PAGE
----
What Is “Deaf Culture”?

E. Adamson Hoebel’s book of Anthropology: Study of Man. “describes culture as an integrated system of learned behaviour patterns which are characteristic of the members of a society and which are not a result of biological inheritance.”

Ask a British person “What is British Culture?” and they may struggle for the very first few minutes before trying to answer with possibly the majority using examples due to characteristics based on tradition, customs, habits, cuisine and environment they live in. Ask a deaf British person and most likely he will give the same answer as a British person who happens to be hearing. My question is as deaf people do we actually have a separate set of customs and traditions to the British who are hearing?

How did the deaf community start using the term “Deaf culture” when it is actually a subculture – a particular social group within a national culture? If “Culture” is not supposed to be applied to biological or genetic inheritance – is there such a thing as a hearing culture?

Are we making it hard for ourselves if we are excluding ourselves from the world around us by creating this “Deaf Culture” or is it a positive thing that should be celebrated?

Being deaf makes those of us unique in the sense that it is a hidden disability but there is a percentage who corner themselves even more so expecting the hearing world to understand them, to learn sign language and come totally their way. Those who think that, do so because they believe there is nothing wrong with them – that the negative lies within the hearing world and so they should make that effort. This again is sometimes not of their own doing when they have been so immersed with their own surroundings and peers for so long. But there are those who may go to an extreme when so proud to say “Deaf Power!” – Even several hope their children will be deaf too. They have on occasion been branded as Fascists. Yet with that kind of mentality nothing will be achieved in terms of improving services and access for deaf people in general.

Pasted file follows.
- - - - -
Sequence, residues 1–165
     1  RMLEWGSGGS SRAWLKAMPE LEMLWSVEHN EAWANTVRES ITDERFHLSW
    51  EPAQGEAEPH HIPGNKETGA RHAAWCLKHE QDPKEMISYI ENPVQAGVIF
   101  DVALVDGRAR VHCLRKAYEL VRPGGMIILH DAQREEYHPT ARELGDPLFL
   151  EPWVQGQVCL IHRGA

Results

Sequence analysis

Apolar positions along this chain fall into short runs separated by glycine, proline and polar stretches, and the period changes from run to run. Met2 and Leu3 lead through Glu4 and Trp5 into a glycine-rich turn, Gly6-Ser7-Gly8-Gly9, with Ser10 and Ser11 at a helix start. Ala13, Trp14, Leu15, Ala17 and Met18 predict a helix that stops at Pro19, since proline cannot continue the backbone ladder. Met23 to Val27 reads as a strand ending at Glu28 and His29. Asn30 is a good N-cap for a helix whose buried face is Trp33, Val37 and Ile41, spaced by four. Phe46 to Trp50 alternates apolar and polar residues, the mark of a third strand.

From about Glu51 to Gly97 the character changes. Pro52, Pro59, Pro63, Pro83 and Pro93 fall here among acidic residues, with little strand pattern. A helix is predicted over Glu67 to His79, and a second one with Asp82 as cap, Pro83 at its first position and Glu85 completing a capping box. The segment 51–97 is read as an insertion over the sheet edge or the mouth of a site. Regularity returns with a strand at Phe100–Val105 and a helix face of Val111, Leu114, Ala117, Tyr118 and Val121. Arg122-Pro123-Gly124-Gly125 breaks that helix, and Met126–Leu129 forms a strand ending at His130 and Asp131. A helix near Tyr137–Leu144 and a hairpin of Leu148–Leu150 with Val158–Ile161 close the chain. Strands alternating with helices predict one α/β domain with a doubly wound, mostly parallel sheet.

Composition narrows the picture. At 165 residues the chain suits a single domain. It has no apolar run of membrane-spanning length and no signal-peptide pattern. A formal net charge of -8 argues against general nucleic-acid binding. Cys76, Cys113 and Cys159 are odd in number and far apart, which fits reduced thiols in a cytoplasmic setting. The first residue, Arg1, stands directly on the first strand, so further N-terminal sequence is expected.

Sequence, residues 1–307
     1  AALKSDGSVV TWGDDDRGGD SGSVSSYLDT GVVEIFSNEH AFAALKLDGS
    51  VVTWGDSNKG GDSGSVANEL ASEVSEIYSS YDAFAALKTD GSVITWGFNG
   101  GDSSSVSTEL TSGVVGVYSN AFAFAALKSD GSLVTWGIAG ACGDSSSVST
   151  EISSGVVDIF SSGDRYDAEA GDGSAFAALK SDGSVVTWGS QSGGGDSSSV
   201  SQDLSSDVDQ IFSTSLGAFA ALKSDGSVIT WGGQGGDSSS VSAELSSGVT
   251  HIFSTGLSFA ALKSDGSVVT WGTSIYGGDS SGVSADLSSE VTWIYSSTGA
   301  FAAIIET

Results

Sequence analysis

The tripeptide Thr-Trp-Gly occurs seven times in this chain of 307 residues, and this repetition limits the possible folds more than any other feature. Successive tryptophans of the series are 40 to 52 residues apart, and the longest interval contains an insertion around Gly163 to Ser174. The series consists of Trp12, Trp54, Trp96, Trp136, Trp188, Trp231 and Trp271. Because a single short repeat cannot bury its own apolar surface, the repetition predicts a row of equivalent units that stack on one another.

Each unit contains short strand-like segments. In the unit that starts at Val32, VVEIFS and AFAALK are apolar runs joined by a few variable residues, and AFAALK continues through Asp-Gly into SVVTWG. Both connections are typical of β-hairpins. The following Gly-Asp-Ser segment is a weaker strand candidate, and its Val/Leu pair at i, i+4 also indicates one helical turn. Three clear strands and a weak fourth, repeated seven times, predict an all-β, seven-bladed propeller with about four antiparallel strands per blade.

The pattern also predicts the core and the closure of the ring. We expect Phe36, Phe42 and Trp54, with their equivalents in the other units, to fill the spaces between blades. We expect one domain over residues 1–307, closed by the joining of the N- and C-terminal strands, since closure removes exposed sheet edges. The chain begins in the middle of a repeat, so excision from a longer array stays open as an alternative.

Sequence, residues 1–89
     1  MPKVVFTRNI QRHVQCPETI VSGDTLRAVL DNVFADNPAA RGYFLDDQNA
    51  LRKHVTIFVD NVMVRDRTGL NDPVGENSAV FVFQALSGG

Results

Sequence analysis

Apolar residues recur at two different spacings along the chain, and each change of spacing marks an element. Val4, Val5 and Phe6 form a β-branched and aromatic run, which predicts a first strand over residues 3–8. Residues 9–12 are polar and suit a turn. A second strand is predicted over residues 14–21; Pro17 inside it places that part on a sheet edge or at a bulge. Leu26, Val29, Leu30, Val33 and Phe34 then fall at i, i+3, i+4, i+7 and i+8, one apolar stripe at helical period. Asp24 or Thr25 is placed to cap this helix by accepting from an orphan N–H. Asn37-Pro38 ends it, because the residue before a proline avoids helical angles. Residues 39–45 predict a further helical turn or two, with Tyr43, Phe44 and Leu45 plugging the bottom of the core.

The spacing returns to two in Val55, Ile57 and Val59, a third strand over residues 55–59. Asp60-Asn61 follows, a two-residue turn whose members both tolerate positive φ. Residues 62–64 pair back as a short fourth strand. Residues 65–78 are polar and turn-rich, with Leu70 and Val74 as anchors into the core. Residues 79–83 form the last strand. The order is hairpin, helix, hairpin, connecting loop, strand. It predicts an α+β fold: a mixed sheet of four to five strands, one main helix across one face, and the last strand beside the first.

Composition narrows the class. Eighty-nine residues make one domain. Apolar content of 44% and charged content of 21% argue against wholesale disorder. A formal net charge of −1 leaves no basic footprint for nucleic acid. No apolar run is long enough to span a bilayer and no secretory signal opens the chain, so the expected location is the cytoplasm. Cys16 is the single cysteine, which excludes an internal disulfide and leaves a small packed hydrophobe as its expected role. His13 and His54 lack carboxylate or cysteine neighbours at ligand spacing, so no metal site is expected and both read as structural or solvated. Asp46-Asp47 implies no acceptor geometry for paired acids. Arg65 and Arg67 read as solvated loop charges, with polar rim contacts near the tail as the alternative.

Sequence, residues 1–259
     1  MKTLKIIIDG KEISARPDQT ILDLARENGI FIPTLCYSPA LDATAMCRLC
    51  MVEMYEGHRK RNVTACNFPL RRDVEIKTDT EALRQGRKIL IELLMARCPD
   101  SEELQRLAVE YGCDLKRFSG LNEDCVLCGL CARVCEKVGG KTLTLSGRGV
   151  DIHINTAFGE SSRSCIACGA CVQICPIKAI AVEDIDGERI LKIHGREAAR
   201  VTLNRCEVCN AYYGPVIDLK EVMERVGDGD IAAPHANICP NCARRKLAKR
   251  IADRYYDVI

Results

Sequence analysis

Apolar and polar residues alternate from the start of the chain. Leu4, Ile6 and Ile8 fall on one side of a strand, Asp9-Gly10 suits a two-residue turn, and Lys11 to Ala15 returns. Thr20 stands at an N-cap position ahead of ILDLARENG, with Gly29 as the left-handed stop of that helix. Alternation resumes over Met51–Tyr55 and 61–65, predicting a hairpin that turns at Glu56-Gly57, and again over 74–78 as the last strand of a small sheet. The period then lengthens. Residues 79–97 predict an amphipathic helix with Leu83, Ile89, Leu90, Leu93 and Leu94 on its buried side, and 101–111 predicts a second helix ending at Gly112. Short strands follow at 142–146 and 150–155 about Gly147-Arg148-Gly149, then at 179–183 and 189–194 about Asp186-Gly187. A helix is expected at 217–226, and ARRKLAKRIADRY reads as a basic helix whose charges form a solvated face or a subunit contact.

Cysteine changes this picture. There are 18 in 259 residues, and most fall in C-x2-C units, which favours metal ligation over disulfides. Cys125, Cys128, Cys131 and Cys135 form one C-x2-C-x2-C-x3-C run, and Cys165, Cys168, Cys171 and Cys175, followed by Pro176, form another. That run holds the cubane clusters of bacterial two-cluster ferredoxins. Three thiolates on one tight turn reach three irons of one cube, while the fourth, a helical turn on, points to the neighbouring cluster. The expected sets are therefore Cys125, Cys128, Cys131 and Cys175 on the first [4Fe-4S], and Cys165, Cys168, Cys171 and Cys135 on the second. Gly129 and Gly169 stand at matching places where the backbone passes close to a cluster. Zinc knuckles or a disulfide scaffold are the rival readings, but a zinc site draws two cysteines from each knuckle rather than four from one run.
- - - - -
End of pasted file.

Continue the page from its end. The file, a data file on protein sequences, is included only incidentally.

Those who are able to wear hearing aid(s), have a cochlear implant or learn/choose to speak do so in order to improve the quality of their lives and in an attempt to be able to engage with the hearing world better. This is not a bad thing to want to do. To meet half way and for this reason I believe parts of the deaf community should not be looking down on these people as some sort of traitors who in their eyes are betraying the so called “Deaf culture”. The hypocrisy of these people is very clear when they rely on a hearing person or their own hearing children to be their interpreter and will not accept anything less when they can make the effort to meet half way. My point is, the more we isolate ourselves from the hearing world – the harder it will become for the hearing people to make any effort to understand us.

Extreme views are never a positive thing in any walk of life so you can only imagine (for some to an extent) my utter disbelief when someone arrogantly once said “Interpreters should be grateful to the deaf community for providing them with a job”. Some may also say that providing interpreters, and the time it takes to get one is drainage on the tax we all pay.